April is National Distracted Driving Awareness Month and I cannot over-emphasize the importance of refraining from texting and driving. Far too many innocent lives are taken by distracted driving. In fact, over 3,000 people were killed and over 430,000 were injured in car crashed involving at least one distracted driver, according to Distraction.gov. Reports show that with each additional 1 million text messages, deaths related to distracted driving increased by more than 75 percent.
There are distracted drivers of various ages on Norfolk roads and major highways like I-264, I-64, and I-664. However, drivers under the age of 30 are particularly susceptible to becoming a distracted driving victim. For example, approximately ten percent of all drivers age 15 to 19 involved in fatal auto accidents were distracted at the time of the tragic wrecks. Drivers in their 20s constitute 27 percent of the distracted drivers involved in fatal car wrecks. Even worse, drivers in this age group made up 38 percent of distracted drivers who were found to be using their cell phones when a deadly car crash occurred.
You need to follow this very simple rule – put the phone down.
Why? Because studies have shown that reaction time is delayed for a driver talking on a cell phone as much as it is for a driver who is legally drunk. Yes, you read that correctly – when you text and drive, you are as dangerous as a drunk driver.
Virginia Law Against Texting and Driving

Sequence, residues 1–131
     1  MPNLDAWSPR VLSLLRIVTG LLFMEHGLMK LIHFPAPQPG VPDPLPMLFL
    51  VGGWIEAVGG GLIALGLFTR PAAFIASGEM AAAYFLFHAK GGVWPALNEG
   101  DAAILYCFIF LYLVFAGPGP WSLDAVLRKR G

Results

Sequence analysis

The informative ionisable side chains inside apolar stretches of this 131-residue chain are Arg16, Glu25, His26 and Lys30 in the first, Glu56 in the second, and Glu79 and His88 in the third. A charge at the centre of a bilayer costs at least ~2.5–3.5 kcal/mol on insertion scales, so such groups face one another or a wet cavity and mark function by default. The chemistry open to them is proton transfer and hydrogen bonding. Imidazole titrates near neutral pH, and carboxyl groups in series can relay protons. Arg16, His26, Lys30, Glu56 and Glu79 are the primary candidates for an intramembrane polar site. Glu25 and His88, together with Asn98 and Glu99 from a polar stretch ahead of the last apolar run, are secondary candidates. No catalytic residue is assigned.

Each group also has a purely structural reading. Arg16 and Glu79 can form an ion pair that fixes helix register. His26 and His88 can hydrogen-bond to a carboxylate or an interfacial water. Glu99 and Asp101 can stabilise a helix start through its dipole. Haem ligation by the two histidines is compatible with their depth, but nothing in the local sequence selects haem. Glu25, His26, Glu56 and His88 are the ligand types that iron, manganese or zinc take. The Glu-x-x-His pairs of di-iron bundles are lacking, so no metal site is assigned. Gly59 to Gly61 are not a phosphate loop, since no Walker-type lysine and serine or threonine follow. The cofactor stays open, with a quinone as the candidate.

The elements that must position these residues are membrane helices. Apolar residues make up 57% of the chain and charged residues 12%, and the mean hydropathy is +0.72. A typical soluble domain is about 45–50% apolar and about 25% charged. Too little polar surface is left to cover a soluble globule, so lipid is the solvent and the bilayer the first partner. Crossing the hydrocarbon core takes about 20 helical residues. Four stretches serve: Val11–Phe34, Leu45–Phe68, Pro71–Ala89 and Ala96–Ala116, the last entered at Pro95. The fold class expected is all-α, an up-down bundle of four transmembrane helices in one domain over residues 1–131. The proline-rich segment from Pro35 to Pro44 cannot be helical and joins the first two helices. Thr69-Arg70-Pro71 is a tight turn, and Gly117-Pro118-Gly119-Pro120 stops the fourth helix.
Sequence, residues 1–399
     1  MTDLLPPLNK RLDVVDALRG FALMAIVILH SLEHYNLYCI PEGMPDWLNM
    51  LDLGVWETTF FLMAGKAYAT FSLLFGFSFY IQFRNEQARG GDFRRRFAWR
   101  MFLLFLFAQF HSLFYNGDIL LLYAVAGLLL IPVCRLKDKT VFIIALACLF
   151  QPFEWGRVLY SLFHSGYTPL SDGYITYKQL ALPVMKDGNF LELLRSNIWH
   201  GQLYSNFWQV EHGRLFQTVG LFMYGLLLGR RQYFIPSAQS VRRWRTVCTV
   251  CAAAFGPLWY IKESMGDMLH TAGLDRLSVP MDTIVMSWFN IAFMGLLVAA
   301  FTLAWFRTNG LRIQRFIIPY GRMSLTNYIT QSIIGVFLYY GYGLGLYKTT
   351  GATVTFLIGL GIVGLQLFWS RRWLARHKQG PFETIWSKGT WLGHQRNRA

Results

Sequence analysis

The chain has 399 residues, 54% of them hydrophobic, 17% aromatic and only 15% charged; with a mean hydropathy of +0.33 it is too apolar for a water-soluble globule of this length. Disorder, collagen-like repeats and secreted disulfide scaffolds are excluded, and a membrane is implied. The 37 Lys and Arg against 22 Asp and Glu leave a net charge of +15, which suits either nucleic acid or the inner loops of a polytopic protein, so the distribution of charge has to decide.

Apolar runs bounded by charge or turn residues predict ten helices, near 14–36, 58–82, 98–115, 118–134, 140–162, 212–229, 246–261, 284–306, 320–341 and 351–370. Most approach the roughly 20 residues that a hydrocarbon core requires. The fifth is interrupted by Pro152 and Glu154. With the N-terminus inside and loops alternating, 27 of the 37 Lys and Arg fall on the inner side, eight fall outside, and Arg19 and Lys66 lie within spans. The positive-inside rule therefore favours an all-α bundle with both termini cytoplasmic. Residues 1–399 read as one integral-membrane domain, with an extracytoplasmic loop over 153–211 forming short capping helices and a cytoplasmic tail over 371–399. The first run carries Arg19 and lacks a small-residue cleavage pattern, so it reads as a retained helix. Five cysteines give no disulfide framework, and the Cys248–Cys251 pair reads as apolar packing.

Not only is texting and driving dangerous, it is illegal in Norfolk, Chesapeake, Virginia Beach, and everywhere else in the Commonwealth. The specific law is § 46.2-1078.1. This statute states the following:
It shall be unlawful for any person to operate a moving motor vehicle on the highways in the Commonwealth while using any handheld personal communications device to:
1. Manually enter multiple letters or text in the device as a means of communicating with another person; or
2. Read any email or text message transmitted to the device or stored within the device, provided that this prohibition shall not apply to any name or number stored in the device nor to any caller identification information.
This means that if you are texting and driving and cause a serious accident, you could be facing both civil and criminal penalties (civil for any injuries caused to passengers in your vehicle or the driver and passengers in the other vehicle) and criminal penalties (a monetary fine, in most cases).
Do Not Become a Victim
To understand just how dangerous texting and driving can be and the risks you are taking in engaging in this activity is best illutstrated in this powerful video: